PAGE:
The real secret is telling the things information you would tell your best friend. Skip the promotion, get straight to the heart of it. You would tell your best friend a different story than people tend to want to tell the world in their press release. You’re thinking of things like, “What were my other options? Who did I have to convince? What kind of money was involved?” You hear these press releases talk about extensible, all of this glory and praise words, and they forget to tell you what it is or how you’d even get it. You don’t know, “Is this freeware? Is it $1 million or somewhere in between? Give me a clue.”
It’s like reading a business card and you can’t tell what the person does or what the company does.
There’s someone pursuing me saying, “We need an appointment.” I can get your email function, but I have no idea. Is this a product? Are these consulting sessions? When I pushed back, I was able to get a price. I still am not as a CEO able to set an appointment to go through a demo to vet this and decide whether it fits me or not. It’s not something I can afford the time to do. If someone like a best friend would say, “This was one thing I did. Here’s what was involved. I would do it again. Here’s how much it saved me.” The black and white. Get to the point, short sentences. Skip all of the adjectives. In fact, if you blacked out with a marker all the adjectives and maybe choose one, and choose the one you mean. Skip all of the rest and think about hardcore information, that would help somebody close a deal, not the silver bullet testimonials. I don’t even like the word testimonials.
What word do you like?
I like customer experiences or use cases. I think use cases for people who understand that concept. A short case study or case study vignette. A use case could be as short as vignettes like it was a medical practice. We were able to reduce the support function from 10 people to 1 and save these many dollars.
You are the Founder of Content University.
We’re not actively marketing that program now, but we do have it. That grew out of the whole era of executives creating thought leadership. When it’s done well, it can be powerful. In fact, we talked about an interview that we’re doing. The reason it flies is that you’re providing thought leadership. If it were to be a prospect of promotion, they wouldn’t let us in and it wouldn’t be valuable for us anyway. Where it used to be and still is for many people, they think, “How much promotion can I get past the gatekeeper and not get thrown out?”
The gatekeepers have gotten smarter. We’ve all gotten better ability to see who’s reading, how many, and does it matter to them? That’s important information. There have been people historically who could get columns in Forbes and have 49 readers. If you’re on a publication with 75 million-plus readers a month and 49 people looked at your copy, you’re missing something. Think about, how would it compel the person who receives it? What would be magic for them? It may be something that you know by the back of your hand, but they don’t. It could solve problems for them or it would capture their interest. Now you’re on to something, and then tell it in straight forward language. Forget all the heartfelt tributes and the flowery language. Get straight to the point and give examples.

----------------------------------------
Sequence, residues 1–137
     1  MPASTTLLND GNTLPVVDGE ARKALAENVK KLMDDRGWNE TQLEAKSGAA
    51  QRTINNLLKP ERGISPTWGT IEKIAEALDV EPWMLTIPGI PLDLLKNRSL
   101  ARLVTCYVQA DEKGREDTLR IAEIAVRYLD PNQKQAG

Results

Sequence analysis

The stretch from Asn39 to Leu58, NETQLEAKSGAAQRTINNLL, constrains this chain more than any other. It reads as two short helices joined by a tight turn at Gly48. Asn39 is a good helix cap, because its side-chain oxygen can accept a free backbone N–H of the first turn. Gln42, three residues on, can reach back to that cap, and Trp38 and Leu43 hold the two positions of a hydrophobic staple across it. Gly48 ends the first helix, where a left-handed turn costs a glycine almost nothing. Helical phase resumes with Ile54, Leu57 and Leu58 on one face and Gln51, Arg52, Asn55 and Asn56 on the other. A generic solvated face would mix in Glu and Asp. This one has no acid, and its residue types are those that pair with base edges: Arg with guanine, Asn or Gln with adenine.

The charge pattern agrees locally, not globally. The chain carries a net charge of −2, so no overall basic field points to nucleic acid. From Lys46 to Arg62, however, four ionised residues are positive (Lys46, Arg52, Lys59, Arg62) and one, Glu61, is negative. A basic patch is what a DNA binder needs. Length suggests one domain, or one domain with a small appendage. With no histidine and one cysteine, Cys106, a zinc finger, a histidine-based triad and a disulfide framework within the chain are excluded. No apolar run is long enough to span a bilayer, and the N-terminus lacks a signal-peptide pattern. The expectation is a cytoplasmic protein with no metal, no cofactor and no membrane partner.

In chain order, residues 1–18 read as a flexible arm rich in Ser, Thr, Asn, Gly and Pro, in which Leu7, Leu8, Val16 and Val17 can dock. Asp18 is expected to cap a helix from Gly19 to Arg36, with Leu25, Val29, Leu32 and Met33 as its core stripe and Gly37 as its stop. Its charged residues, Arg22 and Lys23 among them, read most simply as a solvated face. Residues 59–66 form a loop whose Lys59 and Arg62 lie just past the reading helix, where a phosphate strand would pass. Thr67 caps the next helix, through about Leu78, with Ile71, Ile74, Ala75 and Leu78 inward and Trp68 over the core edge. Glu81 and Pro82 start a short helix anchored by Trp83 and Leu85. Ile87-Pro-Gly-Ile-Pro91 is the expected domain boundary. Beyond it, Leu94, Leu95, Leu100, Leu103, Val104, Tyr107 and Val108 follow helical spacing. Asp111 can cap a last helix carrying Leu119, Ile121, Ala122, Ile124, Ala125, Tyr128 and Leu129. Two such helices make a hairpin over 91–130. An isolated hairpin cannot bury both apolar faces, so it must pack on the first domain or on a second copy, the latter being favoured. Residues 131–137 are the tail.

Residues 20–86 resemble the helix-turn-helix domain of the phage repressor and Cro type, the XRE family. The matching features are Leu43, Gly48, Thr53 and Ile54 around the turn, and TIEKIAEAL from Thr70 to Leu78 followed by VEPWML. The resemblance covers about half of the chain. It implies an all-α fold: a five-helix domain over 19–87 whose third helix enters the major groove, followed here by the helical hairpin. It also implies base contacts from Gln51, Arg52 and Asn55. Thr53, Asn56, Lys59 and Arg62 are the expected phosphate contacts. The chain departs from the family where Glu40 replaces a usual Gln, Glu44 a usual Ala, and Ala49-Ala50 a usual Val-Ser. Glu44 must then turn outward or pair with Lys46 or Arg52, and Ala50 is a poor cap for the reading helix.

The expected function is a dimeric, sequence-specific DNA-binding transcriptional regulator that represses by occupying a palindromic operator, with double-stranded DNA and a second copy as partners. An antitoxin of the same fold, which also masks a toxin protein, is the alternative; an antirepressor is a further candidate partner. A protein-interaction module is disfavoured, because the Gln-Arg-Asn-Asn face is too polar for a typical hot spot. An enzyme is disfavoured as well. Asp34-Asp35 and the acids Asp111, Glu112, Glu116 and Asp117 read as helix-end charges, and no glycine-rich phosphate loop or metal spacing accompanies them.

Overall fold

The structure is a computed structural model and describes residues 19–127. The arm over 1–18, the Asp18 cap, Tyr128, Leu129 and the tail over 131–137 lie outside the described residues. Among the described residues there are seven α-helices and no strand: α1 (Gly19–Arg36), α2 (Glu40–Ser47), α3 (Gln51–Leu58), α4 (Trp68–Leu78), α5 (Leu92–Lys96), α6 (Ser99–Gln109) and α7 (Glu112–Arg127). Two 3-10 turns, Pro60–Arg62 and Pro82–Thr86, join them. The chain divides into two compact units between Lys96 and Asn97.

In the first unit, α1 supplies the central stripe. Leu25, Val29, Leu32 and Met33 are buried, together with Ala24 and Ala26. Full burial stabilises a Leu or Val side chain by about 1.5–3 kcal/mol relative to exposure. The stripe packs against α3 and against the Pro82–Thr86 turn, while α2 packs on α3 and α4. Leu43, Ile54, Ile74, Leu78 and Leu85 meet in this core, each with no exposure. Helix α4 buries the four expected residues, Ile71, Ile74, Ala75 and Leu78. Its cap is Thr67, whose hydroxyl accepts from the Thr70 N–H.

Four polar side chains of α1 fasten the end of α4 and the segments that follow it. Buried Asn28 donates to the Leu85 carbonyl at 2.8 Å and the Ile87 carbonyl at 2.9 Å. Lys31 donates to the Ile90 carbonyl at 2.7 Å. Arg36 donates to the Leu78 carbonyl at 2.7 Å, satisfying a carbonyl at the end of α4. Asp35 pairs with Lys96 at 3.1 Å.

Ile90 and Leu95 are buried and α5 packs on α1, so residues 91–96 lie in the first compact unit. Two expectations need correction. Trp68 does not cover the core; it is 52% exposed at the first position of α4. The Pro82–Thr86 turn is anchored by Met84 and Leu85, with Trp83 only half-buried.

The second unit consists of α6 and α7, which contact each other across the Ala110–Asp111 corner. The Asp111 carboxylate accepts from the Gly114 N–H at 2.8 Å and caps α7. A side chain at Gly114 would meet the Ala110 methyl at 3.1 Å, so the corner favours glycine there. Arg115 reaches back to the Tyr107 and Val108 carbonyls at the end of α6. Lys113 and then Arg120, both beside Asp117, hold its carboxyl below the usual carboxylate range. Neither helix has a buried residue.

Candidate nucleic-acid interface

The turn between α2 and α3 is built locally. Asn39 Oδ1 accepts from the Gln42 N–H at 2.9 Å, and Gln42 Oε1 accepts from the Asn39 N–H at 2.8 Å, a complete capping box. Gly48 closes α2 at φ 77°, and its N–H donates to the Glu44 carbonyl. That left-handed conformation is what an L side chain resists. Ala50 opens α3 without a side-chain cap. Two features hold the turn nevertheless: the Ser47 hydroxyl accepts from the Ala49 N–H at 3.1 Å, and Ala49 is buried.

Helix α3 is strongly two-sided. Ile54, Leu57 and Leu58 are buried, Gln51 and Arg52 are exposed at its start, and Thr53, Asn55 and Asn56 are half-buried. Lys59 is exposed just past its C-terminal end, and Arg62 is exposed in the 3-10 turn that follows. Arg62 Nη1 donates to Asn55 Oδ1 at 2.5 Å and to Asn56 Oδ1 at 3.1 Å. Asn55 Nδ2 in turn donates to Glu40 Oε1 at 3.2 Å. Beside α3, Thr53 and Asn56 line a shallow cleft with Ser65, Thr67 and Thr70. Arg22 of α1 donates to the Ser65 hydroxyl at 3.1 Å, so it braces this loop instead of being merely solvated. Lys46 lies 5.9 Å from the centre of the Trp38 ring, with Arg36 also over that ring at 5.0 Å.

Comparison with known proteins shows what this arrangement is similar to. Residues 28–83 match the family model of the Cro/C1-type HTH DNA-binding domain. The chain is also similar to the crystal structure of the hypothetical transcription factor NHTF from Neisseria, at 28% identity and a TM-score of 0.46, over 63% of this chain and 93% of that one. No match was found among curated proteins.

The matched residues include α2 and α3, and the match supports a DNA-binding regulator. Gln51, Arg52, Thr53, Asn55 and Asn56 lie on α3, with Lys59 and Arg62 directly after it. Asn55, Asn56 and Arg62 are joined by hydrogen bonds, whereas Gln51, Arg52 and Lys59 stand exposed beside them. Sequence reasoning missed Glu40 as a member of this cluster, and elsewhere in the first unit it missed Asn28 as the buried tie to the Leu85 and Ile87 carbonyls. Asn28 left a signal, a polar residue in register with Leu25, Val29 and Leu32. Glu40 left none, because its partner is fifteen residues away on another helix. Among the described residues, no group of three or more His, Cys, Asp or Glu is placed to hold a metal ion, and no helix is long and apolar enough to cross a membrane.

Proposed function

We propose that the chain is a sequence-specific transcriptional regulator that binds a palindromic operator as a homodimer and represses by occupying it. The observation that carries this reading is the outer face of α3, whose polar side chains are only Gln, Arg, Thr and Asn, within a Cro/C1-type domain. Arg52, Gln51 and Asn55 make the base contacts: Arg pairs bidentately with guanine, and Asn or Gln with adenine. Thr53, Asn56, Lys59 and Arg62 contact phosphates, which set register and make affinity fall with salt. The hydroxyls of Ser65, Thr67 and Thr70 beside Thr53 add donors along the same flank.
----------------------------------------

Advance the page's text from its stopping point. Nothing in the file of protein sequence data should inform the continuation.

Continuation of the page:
What are some of the biggest marketing and PR mistakes you’ve seen entrepreneurs and business owners make?
Starting too late. I would be the first to say don’t overspend when you’re still on your own savings, borrowed money or investor money. Be careful about starting too soon. Do it yourself while you can, but provide value add, get the PR resource to be a source of advice and strategy, and maybe have connections. Don’t go out too soon hoping that they’ll do it for you. Don’t try to over-promote but be savvy to the right things. There was this little company from a LinkedIn group that I cried for them. This man says, “I’ve done everything right.” You looked at the name of the company and it was something like a logo in a box. He was charging people $250. I don’t know about you but I would not pay $250 for something that sounds like it’s available free on Clip Art.
There’s a company logo works that did well. They had a fine exit, but they had a team and nest of people that could provide worthy design work for much less money than the traditional model could produce. That was good, but if you have something that sounds like it’s a one size fits all kit that could be gotten for free, you’re sunk before you ever walked out the door. Get the advice at that point and have a website that looks at least decent. There were people who would beg me to write Forbes columns about them and I would look up their website and I could tell it was two people with an idea working out of the garage. That wasn’t enough to warrant the national article. It was too soon.
Too soon is a good point because that couple working on a garage could turn into a multi-dollar business, but timing is everything in marketing and business.
You wouldn’t want to expend $250,000 a year when your product isn’t ready. If you had even a placeholder website that was a professional view that told people what they needed to know, directed them to where they needed to be, get up on something like Crunchbase. That’s historically been how a lot of reporters would vet you. You say, “I’ve got this idea.” Don’t go out with too big a claim too soon. There was a young man who said, “I have got this headline. I’ve cured COVID. I’ve got a solution.” Tell me a little bit more. It turns out he had an app that was going to gather all of the informational resources into one key location, like The New York Times isn’t doing that for us? If you go out with too big a claim for not enough delivered and you’re out the gate, you don’t even have it available for people to download yet.